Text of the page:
(1937- ) US academic and author of nonfiction work on American popular fiction, concentrating on the Western and on children's literature, though he has written on sf topics in Extrapolation and elsewhere. He is of sf interest primarily for two studies. Boys' Books, Boys' Dreams, and the Mystique of Flight (2006) (see Airplane Boys; Airship Boys) usefully analyses several sf series, beginning with Harry Lincoln Sayler's Airship Boys sequence from 1909, while placing them in a larger context; his coverage is moderately complete as far as Children's SF goes, including discussions of such authors as Eustace L Adams, Isaac Asimov writing as Paul French, Weldon J Cobb, Irving Crump, Howard R Garis, Van Powell and others; though some relevant figures, like E J Craine, are not mentioned. He also discusses later authors, like John Blaine and Robert A Heinlein, but outside the frame of the boys' series. The accompanying checklists are very useful.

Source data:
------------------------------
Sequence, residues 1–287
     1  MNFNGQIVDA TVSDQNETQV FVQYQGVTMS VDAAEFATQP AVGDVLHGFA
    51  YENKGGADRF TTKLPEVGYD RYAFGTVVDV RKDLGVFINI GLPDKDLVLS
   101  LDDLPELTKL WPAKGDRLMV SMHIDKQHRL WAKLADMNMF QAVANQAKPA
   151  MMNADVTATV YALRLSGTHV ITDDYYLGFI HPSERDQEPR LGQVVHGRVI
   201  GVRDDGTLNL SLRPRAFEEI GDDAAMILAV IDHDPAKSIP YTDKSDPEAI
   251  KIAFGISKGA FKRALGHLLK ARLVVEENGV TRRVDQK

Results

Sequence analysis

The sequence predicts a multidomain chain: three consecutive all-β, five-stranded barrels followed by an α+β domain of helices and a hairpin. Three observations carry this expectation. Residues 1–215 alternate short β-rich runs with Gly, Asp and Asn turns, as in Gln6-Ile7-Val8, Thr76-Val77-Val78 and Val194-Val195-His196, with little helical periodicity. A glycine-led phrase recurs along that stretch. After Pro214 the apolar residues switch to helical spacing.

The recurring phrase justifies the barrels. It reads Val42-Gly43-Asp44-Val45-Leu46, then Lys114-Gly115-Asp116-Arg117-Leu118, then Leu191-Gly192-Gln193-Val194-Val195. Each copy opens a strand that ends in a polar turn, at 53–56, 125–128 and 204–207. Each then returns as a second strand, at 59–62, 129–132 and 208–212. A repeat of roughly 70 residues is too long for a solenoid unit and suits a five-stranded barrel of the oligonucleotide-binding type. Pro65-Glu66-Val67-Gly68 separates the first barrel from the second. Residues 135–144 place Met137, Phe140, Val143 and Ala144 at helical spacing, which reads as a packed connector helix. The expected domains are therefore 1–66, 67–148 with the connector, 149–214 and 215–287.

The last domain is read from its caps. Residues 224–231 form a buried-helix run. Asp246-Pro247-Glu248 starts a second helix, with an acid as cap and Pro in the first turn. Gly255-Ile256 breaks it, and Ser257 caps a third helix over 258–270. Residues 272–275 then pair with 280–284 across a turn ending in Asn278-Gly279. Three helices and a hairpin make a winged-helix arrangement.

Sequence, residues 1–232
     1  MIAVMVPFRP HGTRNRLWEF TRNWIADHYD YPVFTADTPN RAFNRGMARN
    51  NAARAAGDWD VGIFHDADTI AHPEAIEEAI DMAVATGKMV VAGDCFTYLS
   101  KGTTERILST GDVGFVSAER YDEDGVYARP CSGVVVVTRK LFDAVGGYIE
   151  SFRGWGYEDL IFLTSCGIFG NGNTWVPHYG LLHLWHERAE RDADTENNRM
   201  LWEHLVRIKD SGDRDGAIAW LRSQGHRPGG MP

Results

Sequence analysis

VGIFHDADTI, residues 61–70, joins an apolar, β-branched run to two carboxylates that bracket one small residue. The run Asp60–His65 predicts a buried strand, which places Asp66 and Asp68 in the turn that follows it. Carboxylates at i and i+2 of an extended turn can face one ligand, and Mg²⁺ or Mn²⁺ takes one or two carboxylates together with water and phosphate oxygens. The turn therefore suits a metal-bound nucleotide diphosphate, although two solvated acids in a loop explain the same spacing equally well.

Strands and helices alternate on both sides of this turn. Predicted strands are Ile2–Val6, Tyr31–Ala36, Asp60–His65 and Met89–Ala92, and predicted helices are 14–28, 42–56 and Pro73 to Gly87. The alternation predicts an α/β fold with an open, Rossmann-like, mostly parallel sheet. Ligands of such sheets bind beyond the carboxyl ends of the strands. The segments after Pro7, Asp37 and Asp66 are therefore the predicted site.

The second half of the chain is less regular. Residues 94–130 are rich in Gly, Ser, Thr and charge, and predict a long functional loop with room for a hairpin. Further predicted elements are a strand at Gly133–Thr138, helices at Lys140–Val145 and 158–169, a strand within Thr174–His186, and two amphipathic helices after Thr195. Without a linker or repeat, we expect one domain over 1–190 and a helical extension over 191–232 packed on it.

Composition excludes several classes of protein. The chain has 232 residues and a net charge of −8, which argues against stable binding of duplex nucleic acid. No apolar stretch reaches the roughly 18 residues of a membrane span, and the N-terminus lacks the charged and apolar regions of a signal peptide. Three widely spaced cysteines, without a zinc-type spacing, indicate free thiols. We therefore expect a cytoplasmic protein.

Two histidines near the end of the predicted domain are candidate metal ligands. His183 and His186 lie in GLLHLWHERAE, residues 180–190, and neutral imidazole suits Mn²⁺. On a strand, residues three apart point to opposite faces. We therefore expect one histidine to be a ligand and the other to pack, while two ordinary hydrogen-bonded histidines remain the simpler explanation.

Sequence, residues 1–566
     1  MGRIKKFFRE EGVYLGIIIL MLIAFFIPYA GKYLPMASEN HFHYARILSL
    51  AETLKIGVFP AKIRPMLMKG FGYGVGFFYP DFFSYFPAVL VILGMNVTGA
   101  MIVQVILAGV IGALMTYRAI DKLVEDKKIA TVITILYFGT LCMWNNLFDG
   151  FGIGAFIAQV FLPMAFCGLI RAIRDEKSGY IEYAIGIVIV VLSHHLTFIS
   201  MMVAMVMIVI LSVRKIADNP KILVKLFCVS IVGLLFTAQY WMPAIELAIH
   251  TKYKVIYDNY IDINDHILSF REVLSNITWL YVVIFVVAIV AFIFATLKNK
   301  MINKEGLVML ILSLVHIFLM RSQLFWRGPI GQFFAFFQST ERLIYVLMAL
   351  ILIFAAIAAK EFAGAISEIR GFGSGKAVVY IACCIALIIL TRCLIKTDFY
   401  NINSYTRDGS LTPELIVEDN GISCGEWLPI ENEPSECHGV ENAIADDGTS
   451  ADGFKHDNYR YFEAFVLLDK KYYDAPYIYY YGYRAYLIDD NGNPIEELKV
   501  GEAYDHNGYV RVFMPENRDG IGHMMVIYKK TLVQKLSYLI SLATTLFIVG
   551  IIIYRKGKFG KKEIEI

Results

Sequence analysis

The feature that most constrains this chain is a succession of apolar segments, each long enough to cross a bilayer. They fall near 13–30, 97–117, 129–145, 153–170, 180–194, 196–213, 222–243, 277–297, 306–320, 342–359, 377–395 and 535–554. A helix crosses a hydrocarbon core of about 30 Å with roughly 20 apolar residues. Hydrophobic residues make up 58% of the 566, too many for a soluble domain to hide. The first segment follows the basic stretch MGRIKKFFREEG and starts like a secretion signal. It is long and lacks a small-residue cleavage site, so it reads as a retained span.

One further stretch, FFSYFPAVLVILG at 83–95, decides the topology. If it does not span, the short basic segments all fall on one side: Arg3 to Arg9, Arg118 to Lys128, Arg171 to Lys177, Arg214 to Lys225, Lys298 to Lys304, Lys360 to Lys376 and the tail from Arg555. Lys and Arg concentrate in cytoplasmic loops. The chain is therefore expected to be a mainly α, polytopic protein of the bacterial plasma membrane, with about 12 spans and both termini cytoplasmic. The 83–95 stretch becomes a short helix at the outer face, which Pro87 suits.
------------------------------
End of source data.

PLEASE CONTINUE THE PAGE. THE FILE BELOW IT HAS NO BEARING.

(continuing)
The second study, From Birdwomen to Skygirls: American Girls' Aviation Stories (2009), sympathetically treats early girls' aviation stories, in which girl pilots and even inventors are common, as releasers for young women from societal restrictions (and from constricting clothes). There is little sf in these stories, and little hint anywhere of the Edisonade. Sadly, as part of the post-World War Two campaign in America to return females to their proper place – women having proved themselves entirely capable of "men's" work during the years of combat – girls were banished from cockpits and from working as mechanics or inventors; from this point on, girls' aviation series dealt with stewardesses. [JC]
see also: Club Story.
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